Perfluorinated chemical testing (PFAS - PFOS)
Sullivan Nicolaides Pathology is now testing for the perfluoroalkyl substances including perfluorooctane sulfonate (PFOS) and perfluorooctanoic acid (PFOA).
These compounds and their salts have been used commercially either directly, such as in aqueous fire-fighting foams, or as dispersants in polymer manufacture (e.g. TEFLONTM), or as chemical intermediates in the production of surface coating products such as the earlier formulations of SCOTCHGUARDTM. Both PFOS and PFOA are very stable and can remain intact in the environment for many years, accumulating in the food chain and water supply. Concerns around the persistence of these compounds have prompted their phase-out by most manufacturers.
In some parts of Australia, the use of specialised fire-fighting foams prior to recognition of their environmental impact, has left considerable PFOS contamination in local groundwater. Local residents around contamination spots may have blood levels 5 to 10 times normal. Recently, the US Environmental Protection Agency lowered the safe drinking water level to below 70 parts per trillion. For people living at these sites, it is advisable not to drink water derived from the groundwater and also to avoid eating animals that have been raised or caught in the area.
Sample type: 2 x Dedicated SST (unopened, no aliquots)
Minimum volume: 8ml blood
Transport: Ambient i.e. esky with ice brick (not frozen)
Test performed: Weekly – results available within 2 weeks of receipt of specimen
Cost: $500 (plus GST)
SNP Apollo test set: U072 -(Standard comments available under this test set in the SNP system). This test is covered by NATA Accreditation.
Image courtesy of RAAF Fire Service
Type search terms into the field above the table to refine the list for relevant results.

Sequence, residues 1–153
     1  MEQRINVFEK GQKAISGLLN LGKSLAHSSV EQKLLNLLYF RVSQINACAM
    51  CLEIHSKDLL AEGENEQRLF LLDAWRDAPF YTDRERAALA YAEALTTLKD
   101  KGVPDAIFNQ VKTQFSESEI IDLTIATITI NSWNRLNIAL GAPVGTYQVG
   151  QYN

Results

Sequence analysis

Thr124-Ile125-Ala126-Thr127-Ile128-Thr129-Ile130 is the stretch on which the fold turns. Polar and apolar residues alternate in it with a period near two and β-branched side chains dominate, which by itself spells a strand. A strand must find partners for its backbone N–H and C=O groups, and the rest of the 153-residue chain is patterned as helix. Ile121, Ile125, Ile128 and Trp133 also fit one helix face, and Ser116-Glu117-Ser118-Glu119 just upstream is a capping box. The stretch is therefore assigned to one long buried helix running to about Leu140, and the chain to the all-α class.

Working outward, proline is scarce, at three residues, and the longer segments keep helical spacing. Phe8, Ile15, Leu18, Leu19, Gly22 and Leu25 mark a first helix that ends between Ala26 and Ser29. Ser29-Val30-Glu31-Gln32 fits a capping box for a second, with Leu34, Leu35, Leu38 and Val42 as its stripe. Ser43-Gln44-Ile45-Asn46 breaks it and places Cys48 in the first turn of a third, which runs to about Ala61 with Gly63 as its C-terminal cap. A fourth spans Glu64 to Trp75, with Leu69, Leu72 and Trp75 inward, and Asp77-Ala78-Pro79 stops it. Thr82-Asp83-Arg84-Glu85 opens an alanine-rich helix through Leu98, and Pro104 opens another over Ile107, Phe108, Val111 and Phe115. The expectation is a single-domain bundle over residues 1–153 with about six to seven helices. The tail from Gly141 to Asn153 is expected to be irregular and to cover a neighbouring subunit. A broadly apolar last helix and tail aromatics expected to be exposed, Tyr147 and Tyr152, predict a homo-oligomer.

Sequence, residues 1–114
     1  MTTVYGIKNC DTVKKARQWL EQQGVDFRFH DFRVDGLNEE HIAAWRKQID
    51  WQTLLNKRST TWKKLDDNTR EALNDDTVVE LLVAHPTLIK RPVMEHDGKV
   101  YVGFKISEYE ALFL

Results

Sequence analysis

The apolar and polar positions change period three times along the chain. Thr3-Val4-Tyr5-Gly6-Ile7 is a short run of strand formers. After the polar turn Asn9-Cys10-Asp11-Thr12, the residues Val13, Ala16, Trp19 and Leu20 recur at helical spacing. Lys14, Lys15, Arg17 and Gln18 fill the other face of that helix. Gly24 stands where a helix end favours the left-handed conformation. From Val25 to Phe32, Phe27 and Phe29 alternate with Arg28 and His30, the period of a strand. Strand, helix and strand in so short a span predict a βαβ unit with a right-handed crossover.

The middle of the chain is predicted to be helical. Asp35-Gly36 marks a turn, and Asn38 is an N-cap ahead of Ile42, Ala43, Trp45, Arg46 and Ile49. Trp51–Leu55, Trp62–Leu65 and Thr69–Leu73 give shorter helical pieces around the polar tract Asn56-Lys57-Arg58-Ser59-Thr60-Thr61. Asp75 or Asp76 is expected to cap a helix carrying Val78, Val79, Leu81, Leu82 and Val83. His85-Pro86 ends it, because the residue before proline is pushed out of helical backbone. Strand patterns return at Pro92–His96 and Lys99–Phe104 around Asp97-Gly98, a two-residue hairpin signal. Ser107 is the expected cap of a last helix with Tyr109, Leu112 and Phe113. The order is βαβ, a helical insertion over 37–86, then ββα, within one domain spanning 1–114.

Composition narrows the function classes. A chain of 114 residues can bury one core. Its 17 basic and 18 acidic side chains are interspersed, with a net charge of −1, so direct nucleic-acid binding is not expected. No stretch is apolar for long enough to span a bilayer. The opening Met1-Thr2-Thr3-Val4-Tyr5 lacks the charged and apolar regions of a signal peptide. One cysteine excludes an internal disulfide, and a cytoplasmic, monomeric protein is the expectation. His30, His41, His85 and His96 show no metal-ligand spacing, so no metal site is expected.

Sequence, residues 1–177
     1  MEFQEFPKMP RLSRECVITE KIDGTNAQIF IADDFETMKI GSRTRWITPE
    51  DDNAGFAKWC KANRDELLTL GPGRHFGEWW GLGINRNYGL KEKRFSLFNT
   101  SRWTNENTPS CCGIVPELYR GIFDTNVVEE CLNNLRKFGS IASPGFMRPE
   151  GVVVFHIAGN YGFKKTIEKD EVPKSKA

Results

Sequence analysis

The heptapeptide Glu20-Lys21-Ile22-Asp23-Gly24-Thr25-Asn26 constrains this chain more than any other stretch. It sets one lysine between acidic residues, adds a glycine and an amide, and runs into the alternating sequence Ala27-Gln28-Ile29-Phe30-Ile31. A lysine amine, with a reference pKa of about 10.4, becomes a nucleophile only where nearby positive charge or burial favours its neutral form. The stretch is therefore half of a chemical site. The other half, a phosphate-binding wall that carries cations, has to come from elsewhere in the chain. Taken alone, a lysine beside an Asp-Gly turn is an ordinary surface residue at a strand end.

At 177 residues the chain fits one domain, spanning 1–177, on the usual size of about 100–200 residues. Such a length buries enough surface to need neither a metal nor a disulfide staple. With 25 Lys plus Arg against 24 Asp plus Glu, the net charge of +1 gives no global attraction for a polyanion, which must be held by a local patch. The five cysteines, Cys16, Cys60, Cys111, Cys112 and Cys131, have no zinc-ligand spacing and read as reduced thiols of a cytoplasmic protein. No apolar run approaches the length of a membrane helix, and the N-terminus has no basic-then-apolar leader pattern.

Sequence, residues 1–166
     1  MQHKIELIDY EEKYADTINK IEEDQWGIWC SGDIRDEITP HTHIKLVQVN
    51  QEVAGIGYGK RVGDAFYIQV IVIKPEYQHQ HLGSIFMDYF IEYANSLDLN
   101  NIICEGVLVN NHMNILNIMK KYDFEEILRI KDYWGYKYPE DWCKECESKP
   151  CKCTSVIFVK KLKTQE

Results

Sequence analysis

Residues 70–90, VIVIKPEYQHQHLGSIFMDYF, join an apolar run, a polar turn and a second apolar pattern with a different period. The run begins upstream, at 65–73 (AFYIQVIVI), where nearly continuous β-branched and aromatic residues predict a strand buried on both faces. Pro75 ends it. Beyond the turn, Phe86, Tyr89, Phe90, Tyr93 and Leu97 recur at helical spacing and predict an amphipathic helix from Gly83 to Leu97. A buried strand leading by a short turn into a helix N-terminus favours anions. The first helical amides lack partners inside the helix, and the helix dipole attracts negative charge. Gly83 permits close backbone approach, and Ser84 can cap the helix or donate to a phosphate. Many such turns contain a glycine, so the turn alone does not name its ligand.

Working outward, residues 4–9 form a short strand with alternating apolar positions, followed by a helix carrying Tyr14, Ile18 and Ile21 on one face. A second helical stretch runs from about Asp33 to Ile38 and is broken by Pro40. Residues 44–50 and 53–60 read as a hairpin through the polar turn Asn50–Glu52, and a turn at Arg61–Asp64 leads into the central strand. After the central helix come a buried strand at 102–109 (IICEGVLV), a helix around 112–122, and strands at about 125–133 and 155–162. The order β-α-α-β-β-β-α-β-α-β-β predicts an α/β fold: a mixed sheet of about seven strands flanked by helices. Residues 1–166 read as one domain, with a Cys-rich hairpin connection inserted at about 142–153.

|perfluorinated||Having all hydrogen atoms not associated with a functional group replaced with fluorine atoms.|
|polyfluorinated||A compound bearing multiple fluorine atoms. In the context of PFAS, typically refers to highly fluorinated, not perfluorinated compounds (i.e. some hydrogens remaining).|
|PFAAs||Perfluorinated alkyl acids. Typically any perfluoroalkyl incorporating a sulfonic, carboxylic or phosphonic acid head group, or the conjugate base of these. Includes both PFOS and PFOA.|
|PFASs||Perfluorinated alkyl substances or perfluoroalkyl substances. Generic term for all perfluorinated compounds regardless of functional group.|
|PFC||Perfluorinated compounds. Used in earlier literature. Discouraged from use due to confusion with simple perfluorocarbons as used in refrigerants etc.|
|PFCAs||Perfluorinated carboxylic acids. Includes PFOA.|
|PFSAs||Perfluorinated sulfonic acids. Includes PFOS.|
Table 1 – Commonly encountered nomenclature for Perfluorinated Alkyl substances
A correlation has been noted between PFOS levels in pregnant women and low birth weight infants. In adults, elevated levels of PFOS have been associated with altered thyroid hormone concentrations as well as increased cholesterol levels. In animal studies, PFOS at very high concentrations can cause cancer, stunted growth, endocrine disruption, and neonatal mortality.
PFOS levels in pooled human sera from South East Queensland, Australia obtained from de-identified surplus pathology samples.
Three age groups were analysed; A 0-4 years, B 5-15 years and C >16 years.
Highest levels were seen in the oldest age group, reflecting past exposure to higher environmental levels.
Some areas in the USA have had their drinking water contaminated by PFOA. Long term studies of these populations have shown probable links between PFOA exposure and ulcerative colitis, high cholesterol, thyroid disease, testicular cancer and kidney cancer. Both PFOS and PFOA are still being studied and no clear picture exists as to what constitutes dangerous exposure.
The perfluorinated alkyl acids PFOS and PFOA
|Perfluorooctanoic Acid (FPOA)||Perfluorooctane Sulfonate|